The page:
THE wife of a care worker gasped in horror as a teenager described hearing his ribs crack during a vicious assault by two boys armed with logs.

Carer Alan Willson, 46, was left with life-changing injuries, a court heard.

Harry Furlong, from Horsham, told a jury he stood back as his two friends laid into Mr Willson with heavy, wooden logs at a park in Worthing on Easter Sunday last year.

Harry Furlong and two other boys, who cannot be named for legal reasons, deny grievous bodily harm with intent.

The Argus: Alan WillsonAlan Willson

In court last week, Furlong raised his hands above his head and swung them down to demonstrate from the witness box how Mr Willson was beaten by the first boy.

Wife, Annie Willson, sitting in the public gallery gasped as the 18-year-old said: “He was hitting Mr Willson with a log.

“On the ribs, not just there but that’s the main area I remember.

“I heard a loud crack.”

The Argus: Longcroft Park in WorthingLongcroft Park in Worthing

Mr Furlong said the violence started when Mr Willson swung and missed with a log he was carrying.

After swinging, Mr Willson lost his footing and clung onto one of the other boys in a bear hug, Furlong told the court.

“I immediately went over to him and grabbed his belt to get him off.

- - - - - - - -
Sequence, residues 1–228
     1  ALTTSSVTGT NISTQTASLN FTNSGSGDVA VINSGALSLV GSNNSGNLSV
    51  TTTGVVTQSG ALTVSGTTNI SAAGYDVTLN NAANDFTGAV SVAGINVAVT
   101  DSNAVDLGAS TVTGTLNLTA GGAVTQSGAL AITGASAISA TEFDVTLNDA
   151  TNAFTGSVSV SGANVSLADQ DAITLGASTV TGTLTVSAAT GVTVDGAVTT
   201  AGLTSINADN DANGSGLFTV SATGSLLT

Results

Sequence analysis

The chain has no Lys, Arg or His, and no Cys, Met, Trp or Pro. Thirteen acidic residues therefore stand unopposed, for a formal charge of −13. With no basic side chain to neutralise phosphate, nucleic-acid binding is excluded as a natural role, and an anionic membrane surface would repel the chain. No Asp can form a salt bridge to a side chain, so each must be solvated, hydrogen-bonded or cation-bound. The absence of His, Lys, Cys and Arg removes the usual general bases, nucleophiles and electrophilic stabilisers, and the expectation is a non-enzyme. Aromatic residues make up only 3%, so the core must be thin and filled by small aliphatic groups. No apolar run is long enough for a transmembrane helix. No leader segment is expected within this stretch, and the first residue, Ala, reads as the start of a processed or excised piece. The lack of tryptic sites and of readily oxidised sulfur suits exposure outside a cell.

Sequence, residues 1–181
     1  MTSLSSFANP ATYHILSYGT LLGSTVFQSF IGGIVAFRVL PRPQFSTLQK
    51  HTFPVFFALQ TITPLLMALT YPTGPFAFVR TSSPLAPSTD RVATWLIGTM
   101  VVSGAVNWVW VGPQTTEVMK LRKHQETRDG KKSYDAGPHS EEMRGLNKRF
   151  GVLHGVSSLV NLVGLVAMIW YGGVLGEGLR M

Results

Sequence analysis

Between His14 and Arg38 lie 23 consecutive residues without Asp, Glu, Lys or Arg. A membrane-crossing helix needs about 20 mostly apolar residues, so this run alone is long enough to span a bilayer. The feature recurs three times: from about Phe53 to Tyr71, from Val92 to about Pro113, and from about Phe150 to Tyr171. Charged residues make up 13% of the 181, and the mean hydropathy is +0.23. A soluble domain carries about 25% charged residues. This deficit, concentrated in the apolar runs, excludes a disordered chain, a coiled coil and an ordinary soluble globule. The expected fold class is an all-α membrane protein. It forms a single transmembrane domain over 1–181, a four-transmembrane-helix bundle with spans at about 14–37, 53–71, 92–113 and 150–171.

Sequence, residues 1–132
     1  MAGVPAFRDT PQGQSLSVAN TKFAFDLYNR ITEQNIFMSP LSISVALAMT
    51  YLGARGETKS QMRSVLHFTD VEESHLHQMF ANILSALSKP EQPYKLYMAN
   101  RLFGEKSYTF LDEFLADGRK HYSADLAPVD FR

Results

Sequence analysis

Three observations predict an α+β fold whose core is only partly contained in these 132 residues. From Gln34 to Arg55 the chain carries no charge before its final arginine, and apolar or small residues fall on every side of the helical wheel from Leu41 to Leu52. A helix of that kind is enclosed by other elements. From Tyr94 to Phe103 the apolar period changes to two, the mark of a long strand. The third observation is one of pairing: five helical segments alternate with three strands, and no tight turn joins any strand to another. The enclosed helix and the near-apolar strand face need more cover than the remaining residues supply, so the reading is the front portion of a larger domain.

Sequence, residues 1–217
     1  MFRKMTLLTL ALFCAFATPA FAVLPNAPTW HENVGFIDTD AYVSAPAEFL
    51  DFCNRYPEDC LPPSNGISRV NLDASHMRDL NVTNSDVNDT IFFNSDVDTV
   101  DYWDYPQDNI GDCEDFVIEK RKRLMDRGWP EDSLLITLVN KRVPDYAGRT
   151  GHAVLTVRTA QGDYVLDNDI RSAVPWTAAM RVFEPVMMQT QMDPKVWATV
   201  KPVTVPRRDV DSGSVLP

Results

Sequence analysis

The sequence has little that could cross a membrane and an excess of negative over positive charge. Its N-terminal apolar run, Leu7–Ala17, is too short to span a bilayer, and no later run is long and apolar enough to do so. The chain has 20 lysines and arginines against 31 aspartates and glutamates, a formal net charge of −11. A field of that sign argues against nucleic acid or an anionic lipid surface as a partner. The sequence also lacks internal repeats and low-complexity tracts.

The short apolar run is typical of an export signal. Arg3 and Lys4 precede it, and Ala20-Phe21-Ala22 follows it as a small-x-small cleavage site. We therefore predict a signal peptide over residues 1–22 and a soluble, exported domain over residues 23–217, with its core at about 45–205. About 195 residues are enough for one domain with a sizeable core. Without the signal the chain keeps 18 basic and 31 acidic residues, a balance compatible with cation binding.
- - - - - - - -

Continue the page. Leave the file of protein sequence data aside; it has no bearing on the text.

“I punched him in the face once.

“He had hold of my friend.

“A man was attacking my friend.”

Mr Willson and the boy both fell to the ground.

The boy got back up again quickly and armed himself with another log, Furlong told the court.

The Argus: Harry FurlongHarry Furlong

“They both started laying into him,” he said.

Swinging his arms over his head, Furlong said: “Like this, over the head - bam, like that.

“I can roughly count three or four by each.

“I had stood back, I had stood back from it.

“As soon as they fell to the floor.

“In fact, after I’d landed my punch and I heard the crack because I thought that was enough.

“It was way too harsh.

“So, first of all the crack on the ribs was enough for me and when he fell to the ground they were violently assaulting him.

“I actually shouted 'f****** stop; and it did stop after that within a couple of seconds.

“It was way too much.

“It needed to stop, way before that,” he said.

All three boys ran, leaving Mr Willson injured on the floor.

Furlong told the jury his DNA had been transferred to the log when it struck his hand as one of the other boys beat Mr Willson with it.

Gemma White for the Crown described his explanation as illogical.

Furlong handed himself in to police around 5.30pm on April 5, the day after Mr Willson was attacked.

Ms White asked him: “You handed yourself in because you were part of it.”

“Effectively, yeah,” he said.

“The reality is there was no reason for you or the others to use any violence at all or anything close to the violence you used together,” Ms White said.

Furlong and two boys aged 14 and 15 deny GBH with intent.

The trial in Hove continues.